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(INDIANAPOLIS) – Seven months after the first COVID vaccines were approved, half of eligible Hoosiers haven’t gotten it.

In early April, Indiana was averaging nearly 50,000 vaccinations a day. The average now is 7,000. Marion County health director Virginia Caine says older people not only became eligible first, but were more likely to want the vaccine in the first place. She says younger people — especially younger men — are historically more likely to think themselves invincible, and less likely to seek health care. Caine says that’s carried over to the vaccine.

Nearly two-thirds of Hoosiers 45 and up are fully vaccinated. Barely a third of those 12 to 44 are.

Caine acknowledges those most eager to get the vaccine pursued it early. That means people with doubts about the vaccine make up a greater number of those who are left.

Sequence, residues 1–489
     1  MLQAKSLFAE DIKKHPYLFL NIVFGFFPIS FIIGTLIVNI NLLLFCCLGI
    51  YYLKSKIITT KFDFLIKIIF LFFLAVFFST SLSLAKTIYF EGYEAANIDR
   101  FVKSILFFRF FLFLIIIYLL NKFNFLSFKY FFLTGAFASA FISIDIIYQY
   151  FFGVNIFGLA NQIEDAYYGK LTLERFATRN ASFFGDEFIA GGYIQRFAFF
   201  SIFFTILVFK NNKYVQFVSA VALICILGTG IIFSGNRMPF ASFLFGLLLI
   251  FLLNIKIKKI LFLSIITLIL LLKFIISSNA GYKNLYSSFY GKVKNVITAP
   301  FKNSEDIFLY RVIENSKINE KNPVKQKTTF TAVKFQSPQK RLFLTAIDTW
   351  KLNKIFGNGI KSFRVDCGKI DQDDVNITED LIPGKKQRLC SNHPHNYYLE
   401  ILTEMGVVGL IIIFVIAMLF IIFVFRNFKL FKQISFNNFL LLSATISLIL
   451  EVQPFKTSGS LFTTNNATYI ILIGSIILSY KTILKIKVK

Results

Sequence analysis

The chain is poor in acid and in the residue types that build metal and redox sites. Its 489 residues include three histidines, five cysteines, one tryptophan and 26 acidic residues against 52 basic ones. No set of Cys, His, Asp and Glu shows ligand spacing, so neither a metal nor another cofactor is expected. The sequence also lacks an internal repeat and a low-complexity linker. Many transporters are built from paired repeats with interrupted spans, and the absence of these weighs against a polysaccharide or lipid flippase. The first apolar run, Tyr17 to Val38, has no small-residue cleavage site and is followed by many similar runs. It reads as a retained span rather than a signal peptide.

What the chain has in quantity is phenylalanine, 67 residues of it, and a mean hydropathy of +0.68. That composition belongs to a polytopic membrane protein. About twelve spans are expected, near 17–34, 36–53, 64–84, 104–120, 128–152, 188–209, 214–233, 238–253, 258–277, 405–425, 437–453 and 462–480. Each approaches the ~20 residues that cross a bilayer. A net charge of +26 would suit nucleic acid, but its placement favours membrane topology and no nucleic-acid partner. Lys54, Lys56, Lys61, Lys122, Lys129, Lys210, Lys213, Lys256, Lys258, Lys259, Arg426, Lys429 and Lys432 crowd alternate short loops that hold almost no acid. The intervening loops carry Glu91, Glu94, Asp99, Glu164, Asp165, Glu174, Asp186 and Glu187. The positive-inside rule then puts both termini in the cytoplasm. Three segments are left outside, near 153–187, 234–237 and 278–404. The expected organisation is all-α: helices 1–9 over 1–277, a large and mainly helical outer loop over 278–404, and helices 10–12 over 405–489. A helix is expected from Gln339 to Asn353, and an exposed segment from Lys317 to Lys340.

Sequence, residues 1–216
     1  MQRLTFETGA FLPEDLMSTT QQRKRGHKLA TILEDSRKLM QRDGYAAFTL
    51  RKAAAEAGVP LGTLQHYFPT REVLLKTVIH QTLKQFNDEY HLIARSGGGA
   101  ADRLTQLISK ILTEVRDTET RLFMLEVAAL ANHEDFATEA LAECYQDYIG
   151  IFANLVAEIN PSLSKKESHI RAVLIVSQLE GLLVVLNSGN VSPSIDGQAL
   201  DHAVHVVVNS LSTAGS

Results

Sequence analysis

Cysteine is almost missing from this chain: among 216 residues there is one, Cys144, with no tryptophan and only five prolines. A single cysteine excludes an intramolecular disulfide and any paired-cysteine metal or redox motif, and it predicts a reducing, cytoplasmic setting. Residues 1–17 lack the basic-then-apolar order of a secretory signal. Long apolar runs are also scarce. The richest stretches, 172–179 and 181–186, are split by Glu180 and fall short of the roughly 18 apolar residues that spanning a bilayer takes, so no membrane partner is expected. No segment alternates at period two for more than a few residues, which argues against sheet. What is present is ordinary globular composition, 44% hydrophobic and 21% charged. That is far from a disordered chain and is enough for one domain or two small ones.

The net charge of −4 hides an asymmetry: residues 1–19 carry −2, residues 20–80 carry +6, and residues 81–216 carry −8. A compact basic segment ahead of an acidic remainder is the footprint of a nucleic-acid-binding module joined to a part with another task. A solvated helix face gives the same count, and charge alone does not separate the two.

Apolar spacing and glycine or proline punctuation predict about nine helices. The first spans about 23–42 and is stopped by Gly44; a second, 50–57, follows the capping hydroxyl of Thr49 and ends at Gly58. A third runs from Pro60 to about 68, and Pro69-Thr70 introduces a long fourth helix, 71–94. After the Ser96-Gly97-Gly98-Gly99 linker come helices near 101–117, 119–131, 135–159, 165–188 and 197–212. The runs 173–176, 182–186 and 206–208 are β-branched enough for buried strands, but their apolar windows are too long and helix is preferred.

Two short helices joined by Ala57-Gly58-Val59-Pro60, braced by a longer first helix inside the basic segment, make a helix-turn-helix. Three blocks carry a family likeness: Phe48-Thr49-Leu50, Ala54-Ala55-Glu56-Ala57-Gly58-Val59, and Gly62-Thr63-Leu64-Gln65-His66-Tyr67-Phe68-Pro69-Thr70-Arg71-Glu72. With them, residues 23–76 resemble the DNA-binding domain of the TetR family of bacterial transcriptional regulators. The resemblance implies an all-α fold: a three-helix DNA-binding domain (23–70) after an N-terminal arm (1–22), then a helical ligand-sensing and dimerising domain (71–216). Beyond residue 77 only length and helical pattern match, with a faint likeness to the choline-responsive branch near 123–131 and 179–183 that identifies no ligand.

Caine says the reasons for those misgivings vary. State health commissioner Kris Box has called the vaccine the most tested in history — millions of shots have been given, with side effects rare. But Caine says the warp-speed development of the vaccine has led some people to worry it was rushed.

Others question the vaccine’s effectiveness. Just one of every thousand fully vaccinated Hoosiers has caught the virus anyway, while one of every 20,000 has been hospitalized. Since vaccinations began, 99% of Indiana hospitalizations and deaths have been unvaccinated people.